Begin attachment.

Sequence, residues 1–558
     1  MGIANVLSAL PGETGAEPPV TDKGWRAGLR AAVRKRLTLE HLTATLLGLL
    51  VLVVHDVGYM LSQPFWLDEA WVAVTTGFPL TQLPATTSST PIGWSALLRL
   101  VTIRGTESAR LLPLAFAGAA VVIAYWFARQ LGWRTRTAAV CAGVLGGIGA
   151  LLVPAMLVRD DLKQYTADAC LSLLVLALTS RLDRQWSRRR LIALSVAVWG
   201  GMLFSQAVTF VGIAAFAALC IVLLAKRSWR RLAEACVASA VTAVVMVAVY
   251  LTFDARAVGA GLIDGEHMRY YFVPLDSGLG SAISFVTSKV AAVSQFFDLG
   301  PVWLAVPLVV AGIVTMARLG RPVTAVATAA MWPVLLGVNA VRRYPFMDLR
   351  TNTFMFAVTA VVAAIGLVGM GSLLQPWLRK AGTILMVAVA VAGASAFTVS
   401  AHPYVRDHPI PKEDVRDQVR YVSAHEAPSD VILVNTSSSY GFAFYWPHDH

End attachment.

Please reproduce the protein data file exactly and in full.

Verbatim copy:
Sequence, residues 1–558
     1  MGIANVLSAL PGETGAEPPV TDKGWRAGLR AAVRKRLTLE HLTATLLGLL
    51  VLVVHDVGYM LSQPFWLDEA WVAVTTGFPL TQLPATTSST PIGWSALLRL
   101  VTIRGTESAR LLPLAFAGAA VVIAYWFARQ LGWRTRTAAV CAGVLGGIGA
   151  LLVPAMLVRD DLKQYTADAC LSLLVLALTS RLDRQWSRRR LIALSVAVWG
   201  GMLFSQAVTF VGIAAFAALC IVLLAKRSWR RLAEACVASA VTAVVMVAVY
   251  LTFDARAVGA GLIDGEHMRY YFVPLDSGLG SAISFVTSKV AAVSQFFDLG
   301  PVWLAVPLVV AGIVTMARLG RPVTAVATAA MWPVLLGVNA VRRYPFMDLR
   351  TNTFMFAVTA VVAAIGLVGM GSLLQPWLRK AGTILMVAVA VAGASAFTVS
   401  AHPYVRDHPI PKEDVRDQVR YVSAHEAPSD VILVNTSSSY GFAFYWPHDH